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Téa Obreht’s debut as a fiction writer was stunning: 2011’s best-selling The Tiger’s Wife, the story of a young doctor in a fictional, war-torn Balkan state who is inspired by stories her grandfather told her as a child. It was short-listed for a National Book Award, and made the then-25-year-old Obreht the youngest winner of Britain’s prestigious Orange Prize for Fiction.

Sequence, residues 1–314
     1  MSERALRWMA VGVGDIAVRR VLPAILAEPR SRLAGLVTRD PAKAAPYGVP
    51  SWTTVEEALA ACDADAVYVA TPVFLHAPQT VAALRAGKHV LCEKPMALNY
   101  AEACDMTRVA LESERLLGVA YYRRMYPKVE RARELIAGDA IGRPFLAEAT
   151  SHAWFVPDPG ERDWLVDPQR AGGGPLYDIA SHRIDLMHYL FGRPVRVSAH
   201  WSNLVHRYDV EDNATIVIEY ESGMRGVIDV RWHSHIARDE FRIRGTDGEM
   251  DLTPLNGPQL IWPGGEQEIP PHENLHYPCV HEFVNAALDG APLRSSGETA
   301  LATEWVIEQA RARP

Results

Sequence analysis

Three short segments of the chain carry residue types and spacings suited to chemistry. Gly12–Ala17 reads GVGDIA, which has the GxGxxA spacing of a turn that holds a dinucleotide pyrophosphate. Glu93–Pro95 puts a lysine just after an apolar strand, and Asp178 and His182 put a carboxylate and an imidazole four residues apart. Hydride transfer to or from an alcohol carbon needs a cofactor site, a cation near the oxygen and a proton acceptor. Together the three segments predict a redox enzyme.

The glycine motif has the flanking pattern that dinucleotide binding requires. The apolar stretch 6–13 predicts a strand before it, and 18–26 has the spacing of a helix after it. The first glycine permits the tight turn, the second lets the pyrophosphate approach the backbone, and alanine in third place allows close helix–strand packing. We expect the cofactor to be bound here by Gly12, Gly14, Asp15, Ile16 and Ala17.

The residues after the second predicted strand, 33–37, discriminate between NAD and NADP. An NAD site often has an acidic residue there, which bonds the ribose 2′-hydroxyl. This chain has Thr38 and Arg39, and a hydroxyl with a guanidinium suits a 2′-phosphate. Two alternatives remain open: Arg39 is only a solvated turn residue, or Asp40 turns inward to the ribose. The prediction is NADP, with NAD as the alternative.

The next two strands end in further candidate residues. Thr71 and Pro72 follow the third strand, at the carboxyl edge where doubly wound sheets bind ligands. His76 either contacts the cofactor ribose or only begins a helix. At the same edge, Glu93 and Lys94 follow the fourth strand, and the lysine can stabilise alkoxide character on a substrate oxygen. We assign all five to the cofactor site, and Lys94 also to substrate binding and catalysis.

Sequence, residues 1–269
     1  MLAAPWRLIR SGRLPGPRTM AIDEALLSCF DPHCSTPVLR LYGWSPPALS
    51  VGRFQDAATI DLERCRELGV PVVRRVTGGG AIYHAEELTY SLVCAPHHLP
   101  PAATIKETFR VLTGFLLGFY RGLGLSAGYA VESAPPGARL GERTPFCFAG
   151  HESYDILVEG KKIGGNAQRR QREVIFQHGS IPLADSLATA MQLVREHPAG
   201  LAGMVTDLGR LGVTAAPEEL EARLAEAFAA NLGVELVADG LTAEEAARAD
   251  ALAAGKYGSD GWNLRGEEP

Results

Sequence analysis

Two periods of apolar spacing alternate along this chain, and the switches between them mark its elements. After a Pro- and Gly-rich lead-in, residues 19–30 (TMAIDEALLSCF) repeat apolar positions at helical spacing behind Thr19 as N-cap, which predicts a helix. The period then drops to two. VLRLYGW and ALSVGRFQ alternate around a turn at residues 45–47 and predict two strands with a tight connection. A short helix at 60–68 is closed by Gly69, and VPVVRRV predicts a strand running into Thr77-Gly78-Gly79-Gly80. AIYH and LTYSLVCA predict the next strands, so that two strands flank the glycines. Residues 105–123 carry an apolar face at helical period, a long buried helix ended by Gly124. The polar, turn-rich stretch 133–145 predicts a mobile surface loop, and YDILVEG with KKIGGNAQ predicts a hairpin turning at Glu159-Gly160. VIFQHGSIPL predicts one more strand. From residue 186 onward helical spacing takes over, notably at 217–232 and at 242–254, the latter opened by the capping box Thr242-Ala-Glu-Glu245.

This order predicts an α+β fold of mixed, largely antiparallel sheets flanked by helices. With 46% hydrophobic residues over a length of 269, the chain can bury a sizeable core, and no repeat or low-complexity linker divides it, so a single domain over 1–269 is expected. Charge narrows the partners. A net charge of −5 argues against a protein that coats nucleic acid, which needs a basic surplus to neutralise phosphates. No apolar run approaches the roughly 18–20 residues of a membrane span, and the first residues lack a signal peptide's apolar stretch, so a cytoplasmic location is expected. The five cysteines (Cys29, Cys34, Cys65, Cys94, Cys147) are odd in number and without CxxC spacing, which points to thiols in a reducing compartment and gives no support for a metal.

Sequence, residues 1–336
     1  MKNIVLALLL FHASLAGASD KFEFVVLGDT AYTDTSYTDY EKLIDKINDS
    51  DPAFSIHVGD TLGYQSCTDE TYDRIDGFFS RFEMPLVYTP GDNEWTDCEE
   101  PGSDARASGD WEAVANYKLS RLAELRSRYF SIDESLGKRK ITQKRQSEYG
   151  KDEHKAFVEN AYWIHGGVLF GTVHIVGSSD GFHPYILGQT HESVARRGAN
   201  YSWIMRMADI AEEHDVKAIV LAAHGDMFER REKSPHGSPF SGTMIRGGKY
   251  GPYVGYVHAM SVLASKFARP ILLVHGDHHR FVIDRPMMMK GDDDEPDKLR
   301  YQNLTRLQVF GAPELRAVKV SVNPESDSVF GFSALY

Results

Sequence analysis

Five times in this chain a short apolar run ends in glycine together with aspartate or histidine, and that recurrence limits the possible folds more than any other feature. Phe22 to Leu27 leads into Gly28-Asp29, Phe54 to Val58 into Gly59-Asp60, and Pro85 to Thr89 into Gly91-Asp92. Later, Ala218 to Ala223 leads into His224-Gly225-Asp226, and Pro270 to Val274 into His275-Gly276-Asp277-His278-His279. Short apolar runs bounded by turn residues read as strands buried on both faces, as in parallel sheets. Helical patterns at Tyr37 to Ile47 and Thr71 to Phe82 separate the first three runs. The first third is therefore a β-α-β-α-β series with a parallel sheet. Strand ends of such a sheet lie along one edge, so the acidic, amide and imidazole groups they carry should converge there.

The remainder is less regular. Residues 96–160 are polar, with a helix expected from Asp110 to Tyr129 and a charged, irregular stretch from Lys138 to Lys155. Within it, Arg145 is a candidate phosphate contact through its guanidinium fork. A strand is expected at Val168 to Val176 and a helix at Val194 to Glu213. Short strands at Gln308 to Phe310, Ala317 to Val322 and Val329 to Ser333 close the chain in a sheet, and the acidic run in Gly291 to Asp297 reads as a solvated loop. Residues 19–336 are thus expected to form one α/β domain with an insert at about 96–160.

Her newly released second novel, Inland, already has turned heads. “Obreht knocks it out of the park,” Publishers Weekly says.
The Serbian-American author, who teaches creative writing at Hunter College in New York City, discusses the lyrical, eight-years-in-the-making book—set half a world removed from Tiger’s Wife. It follows the intersecting journeys of an unflinching frontierswoman in the drought-parched Arizona Territory in 1893 and a former outlaw haunted by his past.
Co-presented by Rainy Day Books.